Nacchio enters Pa. prison for six-year term
The former Qwest CEO may get bail if the Supreme Court decides
in June to review his insider-trading conviction.
By Andy Vuong
Wednesday, April 15, 2009
Updated: 04/15/2009 12:38:03 AM MDT
Former Qwest chief executive Joe Nacchio arrived Tuesday at a
federal prison in
in the back seat of a sport utility vehicle to begin a six-year
It was nearly two years after his conviction for illegal insider
"It's nice to see justice served," said Al Kogler, a spokesman
for the Communications Workers of America District 7, which
represents about 15,000 Qwest employees.
Nacchio, 59, will serve his time at the Schuylkill
minimum-security prison camp in Minersville, about two hours
from his $3 million home in Mendham, N.J.
He surrendered on a gloomy, rainy day, 30 minutes before his
check-in deadline of noon.
Shortly after, it was disclosed that a U.S. Supreme Court
justice denied Nacchio's
final attempt to remain free on bail while the high court
decides whether to review his conviction. His
incarceration is a victory of sorts for thousands of Qwest
retirees and employees, many of whom blame him for scores of
lost jobs and vastly diminished retirement accounts.
"His actions have caused pain and suffering for Qwest, and
shareholders and employees as well," Kogler said.
Denver-based Qwest flirted with bankruptcy at the end of
Nacchio's five-year tenure in 2002, stung by an accounting
scandal and saddled with $25 billion in debt.
Still, Nacchio reaped more than $200 million in stock sales,
bonuses and salary. His wife, Anne Esker, is listed as the owner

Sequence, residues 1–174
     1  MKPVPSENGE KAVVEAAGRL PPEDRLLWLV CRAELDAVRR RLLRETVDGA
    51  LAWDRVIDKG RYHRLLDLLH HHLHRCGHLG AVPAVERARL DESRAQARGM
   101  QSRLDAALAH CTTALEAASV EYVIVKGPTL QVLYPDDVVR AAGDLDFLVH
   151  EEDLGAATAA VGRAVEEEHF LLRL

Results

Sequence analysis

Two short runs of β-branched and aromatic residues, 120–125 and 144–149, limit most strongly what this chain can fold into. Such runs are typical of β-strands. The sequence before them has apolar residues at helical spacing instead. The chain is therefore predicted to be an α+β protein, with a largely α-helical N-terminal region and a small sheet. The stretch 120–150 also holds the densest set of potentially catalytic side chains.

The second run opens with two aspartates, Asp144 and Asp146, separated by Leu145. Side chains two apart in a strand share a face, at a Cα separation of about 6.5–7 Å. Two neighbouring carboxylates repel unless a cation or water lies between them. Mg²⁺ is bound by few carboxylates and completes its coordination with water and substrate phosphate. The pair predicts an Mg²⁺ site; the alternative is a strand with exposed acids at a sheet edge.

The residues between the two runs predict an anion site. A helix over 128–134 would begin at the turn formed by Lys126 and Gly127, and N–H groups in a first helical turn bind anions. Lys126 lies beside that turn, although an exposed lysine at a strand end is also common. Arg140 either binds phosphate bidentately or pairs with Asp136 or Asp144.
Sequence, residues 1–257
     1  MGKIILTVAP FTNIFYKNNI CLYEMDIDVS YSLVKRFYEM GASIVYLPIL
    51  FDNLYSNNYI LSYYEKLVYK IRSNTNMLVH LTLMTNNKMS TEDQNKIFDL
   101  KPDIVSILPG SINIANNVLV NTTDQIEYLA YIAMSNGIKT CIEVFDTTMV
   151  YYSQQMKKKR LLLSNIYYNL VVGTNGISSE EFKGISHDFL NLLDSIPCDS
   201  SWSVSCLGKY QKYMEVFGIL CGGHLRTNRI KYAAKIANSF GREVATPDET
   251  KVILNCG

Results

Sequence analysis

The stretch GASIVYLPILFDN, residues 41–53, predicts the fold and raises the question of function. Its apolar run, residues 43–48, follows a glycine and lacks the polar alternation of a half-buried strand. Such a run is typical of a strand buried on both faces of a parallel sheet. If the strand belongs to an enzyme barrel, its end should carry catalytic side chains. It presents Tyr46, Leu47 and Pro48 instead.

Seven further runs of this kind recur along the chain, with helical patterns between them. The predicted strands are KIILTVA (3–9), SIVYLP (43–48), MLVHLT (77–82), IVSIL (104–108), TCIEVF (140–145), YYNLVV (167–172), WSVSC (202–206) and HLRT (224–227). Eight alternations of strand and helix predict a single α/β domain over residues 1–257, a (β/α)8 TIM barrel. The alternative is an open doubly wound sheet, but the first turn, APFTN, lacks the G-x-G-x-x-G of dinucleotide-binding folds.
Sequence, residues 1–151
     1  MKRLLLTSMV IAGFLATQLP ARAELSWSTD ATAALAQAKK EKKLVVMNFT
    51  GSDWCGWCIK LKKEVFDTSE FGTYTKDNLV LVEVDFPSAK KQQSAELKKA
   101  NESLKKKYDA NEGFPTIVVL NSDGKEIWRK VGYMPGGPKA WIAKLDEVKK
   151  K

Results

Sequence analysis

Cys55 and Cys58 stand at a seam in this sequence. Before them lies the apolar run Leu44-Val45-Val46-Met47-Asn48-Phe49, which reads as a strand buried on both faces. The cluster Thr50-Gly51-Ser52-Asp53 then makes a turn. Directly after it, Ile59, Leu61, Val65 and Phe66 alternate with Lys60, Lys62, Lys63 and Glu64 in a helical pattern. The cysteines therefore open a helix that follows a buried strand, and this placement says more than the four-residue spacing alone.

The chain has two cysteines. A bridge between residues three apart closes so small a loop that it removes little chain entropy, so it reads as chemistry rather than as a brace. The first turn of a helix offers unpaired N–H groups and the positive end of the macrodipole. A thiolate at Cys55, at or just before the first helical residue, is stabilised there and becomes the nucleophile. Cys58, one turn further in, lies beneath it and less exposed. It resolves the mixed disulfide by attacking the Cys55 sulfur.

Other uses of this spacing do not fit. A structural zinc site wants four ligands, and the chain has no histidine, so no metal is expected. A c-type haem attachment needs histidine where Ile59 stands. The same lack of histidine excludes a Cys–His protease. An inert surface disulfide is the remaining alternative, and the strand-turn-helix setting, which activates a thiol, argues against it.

of a mansion in Florida valued at $6.2
A woman who answered the phone Tuesday at Nacchio's home in
Mendham promptly hung up after a reporter identified himself.
In April 2007, Nacchio was convicted on 19 counts of illegal
insider trading and acquitted on 23 counts. The jury
determined that Nacchio sold $52 million in Qwest stock in early
2001 based on private warnings that the company was in financial
Since the conviction, the case has been on a legal roller
coaster. A federal appeals panel overturned the conviction in
2008, only to have the full 10th Circuit Court of Appeals
reinstate it in February.
Nacchio was ordered to report to prison in March, only to have
that date delayed amid a flurry of filings by his attorney to
allow him to remain free on bail.
Tuesday's ruling by Supreme Court Justice Stephen Breyer means
Nacchio will probably remain behind bars at least until June,
when the court is expected to decide whether to review his
If the court reviews the case, Nacchio could be awarded bail.
Some of the $71 million in forfeitures and fines Nacchio has
been ordered to pay may ultimately be distributed to investors
who bought Qwest stock from 1999 to 2002.
Andy Vuong: 303-954-1209 or